Throughout the book, Dreher commends strong catechesis in churches that is not compartmentalized to simply just be a “class” with minimalized expectations and detached from the larger liturgical life of the church.   While from a confessional Lutheran point of view there are issues with how Dreher speaks of sacramentalism and his theology of liturgy, his general call for returning to historic liturgical practices with solid theology behind it is very laudable, all within the context of a solid life of prayer, and notably, also, church discipline upholding up Christian truth.

The work of the Concordia Catechetical Academy and recent resources published by Concordia Publishing House can help in this regard.   (But perhaps, as Dreher might point out, there will come a time when publishing and literature distribution may need to be done underground.) The challenge of the Church Growth Movement and its related spawn have urged confessional Lutherans to go back and study their own liturgical theology and hymnody.

But there are many quarters of our synod where that theological and liturgical renewal is still unknown and barely tolerated.  There are some quarters where catechesis is only a shadow of what it once was.  May we remain faithful to those treasures and not seeking to import what is not of our heritage from either direction.   There would also be some wisdom in congregations building up quality parish libraries with some serious depth and theological orthodoxy, not just pop religion or fiction.

Additionally, opportunities and facilities for retreats to help sustain not only church workers or age-segregated groups, but families and Christian singles in the faith amid the cultural onslaught could be something given a more deliberate and liturgical consideration among us.   Perhaps congregations in more peaceful or restful places, Lutheran camps, campuses, campus ministries, or cottages or even urban apartment complexes could be organized not as “camps” for 1960s style age-segregated religious recreation, but as serious spiritual retreats and places of continuing catechesis and training in the faith but with a Lutheran understanding of vocation and justification by grace alone under-girding it all.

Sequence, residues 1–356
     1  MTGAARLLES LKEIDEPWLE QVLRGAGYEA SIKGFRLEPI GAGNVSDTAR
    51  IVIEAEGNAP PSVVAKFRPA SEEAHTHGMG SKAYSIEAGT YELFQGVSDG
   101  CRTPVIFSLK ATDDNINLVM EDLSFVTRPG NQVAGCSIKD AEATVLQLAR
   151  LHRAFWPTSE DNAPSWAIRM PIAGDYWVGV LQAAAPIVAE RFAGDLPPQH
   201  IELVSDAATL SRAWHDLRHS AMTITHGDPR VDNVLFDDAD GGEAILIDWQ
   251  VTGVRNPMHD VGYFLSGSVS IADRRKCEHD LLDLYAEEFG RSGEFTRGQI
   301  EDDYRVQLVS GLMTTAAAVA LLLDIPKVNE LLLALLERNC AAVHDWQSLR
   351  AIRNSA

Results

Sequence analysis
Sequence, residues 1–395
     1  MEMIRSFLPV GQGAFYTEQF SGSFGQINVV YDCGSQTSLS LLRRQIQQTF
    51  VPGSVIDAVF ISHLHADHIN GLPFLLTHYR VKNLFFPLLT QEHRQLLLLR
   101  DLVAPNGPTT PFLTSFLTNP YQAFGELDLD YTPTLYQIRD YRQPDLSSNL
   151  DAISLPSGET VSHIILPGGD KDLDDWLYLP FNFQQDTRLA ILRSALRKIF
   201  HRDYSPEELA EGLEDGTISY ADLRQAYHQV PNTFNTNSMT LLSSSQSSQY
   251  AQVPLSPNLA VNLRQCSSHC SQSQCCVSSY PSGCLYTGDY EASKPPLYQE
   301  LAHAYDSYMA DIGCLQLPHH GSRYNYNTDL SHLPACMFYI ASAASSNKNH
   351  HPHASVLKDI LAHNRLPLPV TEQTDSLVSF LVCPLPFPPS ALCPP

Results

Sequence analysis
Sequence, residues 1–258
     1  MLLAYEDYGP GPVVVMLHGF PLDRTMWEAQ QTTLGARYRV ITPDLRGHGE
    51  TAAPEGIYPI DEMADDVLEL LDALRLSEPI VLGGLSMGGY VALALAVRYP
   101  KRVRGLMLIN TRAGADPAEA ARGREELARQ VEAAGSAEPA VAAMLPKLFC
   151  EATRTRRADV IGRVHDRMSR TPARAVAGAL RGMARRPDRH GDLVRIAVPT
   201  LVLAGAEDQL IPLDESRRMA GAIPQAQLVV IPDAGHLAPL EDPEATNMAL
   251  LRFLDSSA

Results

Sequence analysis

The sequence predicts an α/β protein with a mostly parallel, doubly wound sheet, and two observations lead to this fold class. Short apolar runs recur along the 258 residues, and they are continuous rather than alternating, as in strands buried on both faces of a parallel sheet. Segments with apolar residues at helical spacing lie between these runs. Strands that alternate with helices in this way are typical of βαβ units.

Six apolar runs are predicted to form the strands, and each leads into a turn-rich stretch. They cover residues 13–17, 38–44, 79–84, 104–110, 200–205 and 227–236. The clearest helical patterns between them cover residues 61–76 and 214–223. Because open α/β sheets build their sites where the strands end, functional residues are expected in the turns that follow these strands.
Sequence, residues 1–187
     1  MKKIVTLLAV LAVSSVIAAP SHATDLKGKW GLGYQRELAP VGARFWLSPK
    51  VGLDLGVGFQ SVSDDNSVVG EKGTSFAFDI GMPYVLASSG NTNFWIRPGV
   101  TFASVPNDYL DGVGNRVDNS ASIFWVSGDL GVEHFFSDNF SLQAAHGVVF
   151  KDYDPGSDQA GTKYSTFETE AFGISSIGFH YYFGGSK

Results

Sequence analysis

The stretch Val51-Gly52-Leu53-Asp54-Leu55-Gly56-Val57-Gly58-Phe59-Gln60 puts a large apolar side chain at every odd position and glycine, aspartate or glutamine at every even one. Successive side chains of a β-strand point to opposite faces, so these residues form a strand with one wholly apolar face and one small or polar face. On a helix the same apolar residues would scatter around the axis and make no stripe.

They could also serve as inexpensive hostels for faithful Lutherans traveling and so become something like a modern version of that mutual support and hospitality the early church knew in Acts 2.   These services can’t cost individuals thousands of dollars to use of these things or to go on retreat.  Chaplains, deaconesses, and theological faculties could be engaged to help enrich, oversee, and strength such places and be a clearing house for materials to take home back into the battle.  These, then, in turn can become mission outposts for the times of nihilistic darkness.   We will need retreats for restoration, as the world we live in is surpassing the vision of Aldous Huxley, George Orwell, a beastly technocratic Tower of Babel 2.0 police state.

Part of what Dreher is attempting to do with The Benedict Option is to learn from the experience of Christians past chapters of Christian history where there has been oppression and alienation from the culture or government.   Dreher suggests cultivating “parallel structures” to that of the Post-Christian culture.   Dreher points out how some attempted to do this under Communism in Poland and elsewhere.

Dreher wants to limit the exposure of Christians and especially children to the corrosive effects of the hostile culture as well as provide practical resources for even ordinary aspects of life that may be taken away because of edicts of political correctness or outright hostility (Christians providing baked goods or arranging flowers without being forced to compromise their confession of the faith).    In some instances, Christians already have some “parallel structures” to offer alternatives to organizations that have either watered down their Lutheran commitments or abandoned it altogether.